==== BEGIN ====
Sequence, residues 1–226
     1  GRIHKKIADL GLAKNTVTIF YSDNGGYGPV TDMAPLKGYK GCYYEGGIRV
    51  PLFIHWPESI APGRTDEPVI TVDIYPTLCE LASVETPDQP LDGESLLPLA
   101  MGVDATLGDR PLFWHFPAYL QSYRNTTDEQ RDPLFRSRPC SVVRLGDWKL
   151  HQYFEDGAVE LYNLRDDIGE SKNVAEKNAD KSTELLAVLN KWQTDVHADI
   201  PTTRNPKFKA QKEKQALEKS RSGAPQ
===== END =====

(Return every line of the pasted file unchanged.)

Sequence, residues 1–226
     1  GRIHKKIADL GLAKNTVTIF YSDNGGYGPV TDMAPLKGYK GCYYEGGIRV
    51  PLFIHWPESI APGRTDEPVI TVDIYPTLCE LASVETPDQP LDGESLLPLA
   101  MGVDATLGDR PLFWHFPAYL QSYRNTTDEQ RDPLFRSRPC SVVRLGDWKL
   151  HQYFEDGAVE LYNLRDDIGE SKNVAEKNAD KSTELLAVLN KWQTDVHADI
   201  PTTRNPKFKA QKEKQALEKS RSGAPQ